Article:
The mess left behind by broken eggs is
an obvious reason for you to care about the shell quality of
the eggs laid by your hens. A less visible reason is the
higher level of salmonella found in cracked compared to
intact eggs – especially if they are improperly washed.
The most common causes of weak shells
eggs in your flock are:
- Old Hens – Shell strength declines
steadily as hens get older. If you buy old hens from a
commercial farm, they are already well past their prime
for shell quality.
- Calcium Deficiency – To supply the
calcium needed to make good shells, 10% of the feed must
be supplied as limestone or oyster shell. For birds in
floor pens, a hanging feeder of limestone or oyster
shell can be used as the calcium source. When a layer
diet is used as the sole source of calcium, restricted
feed consumption due to crowding and other problems can
also restrict calcium intake.
- Poor Calcium Sources – Insoluble
granite grit and egg shells are poor sources.
- Excess Phosphorous – Too much
phosphorous in the diet will decrease shell thickness.
If you make your own feed, carefully weigh out the
amount of mineral phosphorous.
- Early Production – Hens that begin
egg production before you get them on a good layer diet
can rapidly deplete their bone reserves of calcium.
- High Temperature – Temperature
stresses the hens and reduces shell strength.
- Vitamin D3 Deficiency –
Hens need a commercial source of vitamin D3
in the feed. Deficiency is most visible in the winter
months when the birds get less sunlight and make less
vitamin D3 on their own.
- Infectious Bronchitis – This virus
readily attacks the shell gland of unvaccinated birds.
- Excitable Hens – Hens that are
excited may produce thin or poorly constructed shells.
Less common problems include
insufficient manganese in the feed, toxins or pesticides,
and miscellaneous diseases such as coccidiosis and
Infectious Laryngotracheitis (ILT).
Shell quality can be improved by
providing the nutrients needed for the hen to build her bone
reserves of calcium and make good shells:
- Feed a third to half of the
calcium as large particles that are approximately ½ cm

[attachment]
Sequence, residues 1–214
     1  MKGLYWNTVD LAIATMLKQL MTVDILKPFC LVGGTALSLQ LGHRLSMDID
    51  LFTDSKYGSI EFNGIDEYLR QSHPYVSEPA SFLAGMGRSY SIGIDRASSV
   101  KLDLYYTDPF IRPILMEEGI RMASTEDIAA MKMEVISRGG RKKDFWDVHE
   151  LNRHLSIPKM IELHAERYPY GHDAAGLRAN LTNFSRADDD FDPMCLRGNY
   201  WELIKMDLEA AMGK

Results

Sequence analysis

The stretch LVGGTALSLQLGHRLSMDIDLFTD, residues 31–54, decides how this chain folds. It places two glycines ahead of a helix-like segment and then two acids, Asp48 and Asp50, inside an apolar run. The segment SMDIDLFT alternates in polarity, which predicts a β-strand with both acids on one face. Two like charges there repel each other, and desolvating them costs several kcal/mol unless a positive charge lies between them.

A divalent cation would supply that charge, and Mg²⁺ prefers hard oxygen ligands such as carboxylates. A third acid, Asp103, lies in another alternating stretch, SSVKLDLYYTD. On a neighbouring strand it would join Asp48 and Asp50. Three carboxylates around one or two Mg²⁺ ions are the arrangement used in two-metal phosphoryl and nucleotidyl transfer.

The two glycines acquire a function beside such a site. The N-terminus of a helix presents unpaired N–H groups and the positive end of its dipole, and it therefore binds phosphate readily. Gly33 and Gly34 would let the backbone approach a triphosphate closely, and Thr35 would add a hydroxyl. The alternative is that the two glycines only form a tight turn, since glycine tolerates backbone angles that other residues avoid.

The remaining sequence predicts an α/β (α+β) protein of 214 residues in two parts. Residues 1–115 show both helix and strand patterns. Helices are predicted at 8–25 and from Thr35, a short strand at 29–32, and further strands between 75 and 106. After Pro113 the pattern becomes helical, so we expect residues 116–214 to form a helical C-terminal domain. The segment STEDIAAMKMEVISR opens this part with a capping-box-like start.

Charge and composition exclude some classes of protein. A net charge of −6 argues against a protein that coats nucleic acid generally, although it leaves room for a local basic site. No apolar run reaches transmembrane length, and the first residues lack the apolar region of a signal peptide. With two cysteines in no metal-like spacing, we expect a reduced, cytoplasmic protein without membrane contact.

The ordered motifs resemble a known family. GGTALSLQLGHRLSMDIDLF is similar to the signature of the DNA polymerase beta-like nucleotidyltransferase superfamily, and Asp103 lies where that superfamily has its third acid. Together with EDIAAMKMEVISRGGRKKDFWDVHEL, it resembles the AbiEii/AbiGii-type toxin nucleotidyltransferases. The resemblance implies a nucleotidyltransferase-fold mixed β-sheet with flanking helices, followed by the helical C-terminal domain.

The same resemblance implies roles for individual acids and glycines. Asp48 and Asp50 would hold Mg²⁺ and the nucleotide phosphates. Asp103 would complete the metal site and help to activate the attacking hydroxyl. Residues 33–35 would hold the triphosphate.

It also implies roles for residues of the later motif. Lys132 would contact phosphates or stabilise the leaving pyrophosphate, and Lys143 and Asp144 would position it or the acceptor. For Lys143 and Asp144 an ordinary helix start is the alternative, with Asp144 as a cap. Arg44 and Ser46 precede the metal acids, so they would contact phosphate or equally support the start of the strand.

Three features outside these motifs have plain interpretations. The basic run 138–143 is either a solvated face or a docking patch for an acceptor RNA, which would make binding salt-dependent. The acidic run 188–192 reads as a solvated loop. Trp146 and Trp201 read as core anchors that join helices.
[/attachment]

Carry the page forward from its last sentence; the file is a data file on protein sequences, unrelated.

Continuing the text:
in size. Both oyster shell and limestone the size of
small pebbles will last longer in the gizzard and supply
calcium at night when the hen makes the shell.
- Supply a pre-lay diet containing
2% calcium for the two weeks prior to the start of egg
production. Due to hormonal changes as the birds ready
for egg production, they are able to use the extra
calcium to build up their bone reserves. A hanging
feeder of limestone or oyster shell is another way to
give the birds access to the calcium they need.
- Switch the flock immediately to a
laying diet which has 3.5% or more calcium when you see
the first egg laid by the flock. Approximately 10% of
the diet must be limestone or oyster shell to provide
this much calcium
- Let the hens will pick limestone
or oyster shell as they need it from a hanging feeder.
See the MAFRI web page on choice feeding.
- Give vitamin D3 in the
water one day a week. Follow the package instruction and
do not add more vitamin D3 than recommended.
- Keep your birds calm. Do not give
them more than 16 hours of daylight. Letting them sleep
longer will keep them calm during the time of day when
they are forming the shell.
These practices will not stop the
natural weakening of the shells as your hens age but will
help to prevent any premature problems. If your old hens go
into a moult, shell thickness will be temporarily improved.
Weak Shells can lead to cracks & "Leakers"/
Photo- University of Georgia Cooperative Extension